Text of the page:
Ofcom Outlines Potential 5G Spectrum Bands
A preliminary set of spectrum frequency bands above 6GHz for 5G networks have been outlined by Ofcom, the government telecommunications authority for the UK.
“global harmonisation of 5G spectrum”
Different parts of the 6-100GHz range have been identified and the organisation hopes that the update, which comes after it issued a “Call for Input” (CFI) in January, will help shape the agenda for the World Radio Communication Conference in 2019 as it drives towards ‘global harmonisation of 5G spectrum’.
Identifying bands in different parts of the range to allow for technical uncertainties, the bands to be considered are as follows: 10.125 – 10.225 / 10.475 – 10.575 GHz, 31.8 – 33.4 GHz; 40.5 – 43.5 GHz; 45.5 – 48.9 GHz and 66 – 71 GHz.
“these bands…could have potential for being harmonised and developed for future 5G use globally”
‘We think these bands may be relatively straightforward to make available in the UK compared to other options within the range, and could have potential for being harmonised and developed for future 5G use globally,’ Ofcom’s update said.
However Ofcom was also keen to warn that ‘this does not guarantee that these bands will be adopted in the future or preclude other bands being added’, thereby leaving plenty of options open after the CFI responses indicated no real consensus on specific bands to prioritise, with some arguing it is ‘too early to exclude any band for study.’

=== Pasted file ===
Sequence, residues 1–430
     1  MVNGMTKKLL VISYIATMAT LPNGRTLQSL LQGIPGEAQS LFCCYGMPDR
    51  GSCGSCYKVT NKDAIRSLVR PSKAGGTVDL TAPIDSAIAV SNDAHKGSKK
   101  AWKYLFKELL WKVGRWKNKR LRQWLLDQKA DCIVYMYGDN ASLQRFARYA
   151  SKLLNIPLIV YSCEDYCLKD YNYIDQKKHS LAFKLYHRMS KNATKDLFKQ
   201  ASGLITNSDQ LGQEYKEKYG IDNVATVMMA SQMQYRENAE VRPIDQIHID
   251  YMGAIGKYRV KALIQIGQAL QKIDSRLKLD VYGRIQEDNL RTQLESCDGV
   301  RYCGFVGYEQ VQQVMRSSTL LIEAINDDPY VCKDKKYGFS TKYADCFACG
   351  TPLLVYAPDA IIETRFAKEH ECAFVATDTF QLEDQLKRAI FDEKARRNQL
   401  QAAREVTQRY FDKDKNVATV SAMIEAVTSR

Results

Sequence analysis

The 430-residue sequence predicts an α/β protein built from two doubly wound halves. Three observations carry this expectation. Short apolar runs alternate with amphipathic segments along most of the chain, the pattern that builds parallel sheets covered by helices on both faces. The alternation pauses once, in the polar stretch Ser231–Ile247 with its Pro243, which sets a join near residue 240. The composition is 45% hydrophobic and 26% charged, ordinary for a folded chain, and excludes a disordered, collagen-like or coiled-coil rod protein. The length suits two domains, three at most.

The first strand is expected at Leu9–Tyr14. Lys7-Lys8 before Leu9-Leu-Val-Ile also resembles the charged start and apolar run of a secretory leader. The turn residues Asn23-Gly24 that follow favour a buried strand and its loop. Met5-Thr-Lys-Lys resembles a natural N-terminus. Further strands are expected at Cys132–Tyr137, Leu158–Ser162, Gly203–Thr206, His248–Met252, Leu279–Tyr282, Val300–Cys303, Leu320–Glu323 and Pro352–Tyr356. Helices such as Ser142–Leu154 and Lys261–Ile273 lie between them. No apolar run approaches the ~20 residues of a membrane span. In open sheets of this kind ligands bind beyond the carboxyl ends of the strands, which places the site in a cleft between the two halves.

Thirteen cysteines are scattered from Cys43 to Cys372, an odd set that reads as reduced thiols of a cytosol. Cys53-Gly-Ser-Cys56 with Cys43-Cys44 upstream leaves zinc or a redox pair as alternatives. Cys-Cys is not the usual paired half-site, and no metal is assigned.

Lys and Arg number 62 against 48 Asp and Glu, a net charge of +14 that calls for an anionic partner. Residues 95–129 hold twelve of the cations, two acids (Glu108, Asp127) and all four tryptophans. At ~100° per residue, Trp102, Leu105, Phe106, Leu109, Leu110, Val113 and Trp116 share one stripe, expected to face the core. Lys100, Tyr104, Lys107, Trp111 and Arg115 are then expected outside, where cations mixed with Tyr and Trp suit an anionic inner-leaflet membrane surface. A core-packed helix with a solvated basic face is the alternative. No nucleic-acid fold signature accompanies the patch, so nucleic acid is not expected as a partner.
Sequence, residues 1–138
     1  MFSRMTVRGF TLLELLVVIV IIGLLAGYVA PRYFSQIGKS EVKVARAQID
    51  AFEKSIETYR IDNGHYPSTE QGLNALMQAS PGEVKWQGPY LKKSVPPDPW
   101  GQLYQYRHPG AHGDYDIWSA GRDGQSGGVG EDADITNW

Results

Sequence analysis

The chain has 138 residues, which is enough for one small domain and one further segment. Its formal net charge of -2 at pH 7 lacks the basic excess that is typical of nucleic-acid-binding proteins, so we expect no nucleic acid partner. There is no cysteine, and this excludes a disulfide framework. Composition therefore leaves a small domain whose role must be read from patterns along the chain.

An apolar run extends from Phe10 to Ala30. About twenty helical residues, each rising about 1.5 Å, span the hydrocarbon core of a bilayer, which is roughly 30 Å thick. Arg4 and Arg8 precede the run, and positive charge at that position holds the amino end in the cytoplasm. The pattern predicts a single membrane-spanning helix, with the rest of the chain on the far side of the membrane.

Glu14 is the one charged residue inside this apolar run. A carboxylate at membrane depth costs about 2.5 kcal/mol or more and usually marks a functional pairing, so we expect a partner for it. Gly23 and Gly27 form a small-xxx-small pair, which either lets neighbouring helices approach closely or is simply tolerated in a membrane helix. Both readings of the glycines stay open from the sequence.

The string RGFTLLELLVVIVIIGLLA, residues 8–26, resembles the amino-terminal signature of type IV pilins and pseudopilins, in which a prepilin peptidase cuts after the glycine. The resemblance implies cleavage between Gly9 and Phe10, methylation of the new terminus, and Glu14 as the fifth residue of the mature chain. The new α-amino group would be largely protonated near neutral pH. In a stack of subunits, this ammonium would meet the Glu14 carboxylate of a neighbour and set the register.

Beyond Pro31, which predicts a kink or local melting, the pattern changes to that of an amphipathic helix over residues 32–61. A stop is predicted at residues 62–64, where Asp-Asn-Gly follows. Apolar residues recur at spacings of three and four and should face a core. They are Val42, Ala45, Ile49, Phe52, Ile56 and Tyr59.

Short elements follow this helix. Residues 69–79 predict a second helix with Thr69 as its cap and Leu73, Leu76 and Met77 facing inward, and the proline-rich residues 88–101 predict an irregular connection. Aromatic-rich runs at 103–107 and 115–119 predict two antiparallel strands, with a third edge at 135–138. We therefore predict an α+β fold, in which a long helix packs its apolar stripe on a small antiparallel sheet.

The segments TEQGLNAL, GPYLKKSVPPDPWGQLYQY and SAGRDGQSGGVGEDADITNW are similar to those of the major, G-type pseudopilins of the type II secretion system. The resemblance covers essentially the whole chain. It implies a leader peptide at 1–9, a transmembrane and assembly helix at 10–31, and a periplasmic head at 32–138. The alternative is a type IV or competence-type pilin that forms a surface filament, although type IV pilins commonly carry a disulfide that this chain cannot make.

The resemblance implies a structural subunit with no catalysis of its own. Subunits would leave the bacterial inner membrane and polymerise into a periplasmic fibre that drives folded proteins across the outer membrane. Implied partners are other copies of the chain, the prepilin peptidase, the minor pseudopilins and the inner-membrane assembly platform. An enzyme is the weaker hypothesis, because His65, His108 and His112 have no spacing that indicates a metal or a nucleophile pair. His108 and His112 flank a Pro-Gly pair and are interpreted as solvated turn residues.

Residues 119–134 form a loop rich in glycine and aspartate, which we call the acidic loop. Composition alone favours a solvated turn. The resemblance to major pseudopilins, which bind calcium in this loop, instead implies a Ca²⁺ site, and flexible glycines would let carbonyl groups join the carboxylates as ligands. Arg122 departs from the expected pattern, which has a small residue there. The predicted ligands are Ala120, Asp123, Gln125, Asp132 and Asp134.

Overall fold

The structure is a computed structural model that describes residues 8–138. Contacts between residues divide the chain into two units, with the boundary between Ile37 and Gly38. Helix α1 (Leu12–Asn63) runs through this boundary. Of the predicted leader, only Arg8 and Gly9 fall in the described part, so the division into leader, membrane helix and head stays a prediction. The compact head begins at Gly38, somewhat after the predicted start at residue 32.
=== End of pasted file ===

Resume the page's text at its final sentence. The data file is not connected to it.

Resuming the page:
The regulator said it would “continue to review available options taking into account feedback from international discussions” and that it may be that it will be open to amending its position based on the outcome of a meeting with CEPT CPG PTA17 (project team A) meeting on 27 – 30 April 2015.
“satellite industry stakeholders have clearly stated that they believe there is no scope for shared use of satellite systems with 5G mobile systems in the Ka-band”
One band to “miss out” was the 28GHz band, even though a report to Ofcom on 5G Candidate bands from Quotient Associates admitted that “at the top end of the band, interest at 28 GHz is high for 5G mmW in some countries and trials have been reported”. That includes a 2014 trial by Samsung in 800MHz of bandwidth at 28GHz. The Ofcom paper also said that Intel had expressed interest in the 28GHz band.
However, the decision to sidestep 28GHz seems to be in deference to preserving the band for Ka Band civil satellite use. The Quotient paper said, “In various technical fora, satellite industry stakeholders have clearly stated that they believe there is no scope for shared use of satellite systems with 5G mobile systems in the Ka-band. In support of this, they point out that satellite must be preserved to play an essential role in 5G delivery, in order to target 100% user coverage.”
Not only that, but work being done in 28GHz may also mean only that the 28 GHz band has suitable test and development licence arrangements in some locations.
Ofcom conducted its own review and took conclusions from its ‘Future Technology and 5G’ event last month into account, as well as informal discussions with other European nations. It also commissioned Quotient Associates to undertake an independent technical study to analyse technical suitability and options for different bands.
A strategy on bands below 6GHz was published by Ofcom in May 2014, but with some 5G tech being developed expected to utilise spectrum above 6GHz, the body has acted accordingly.
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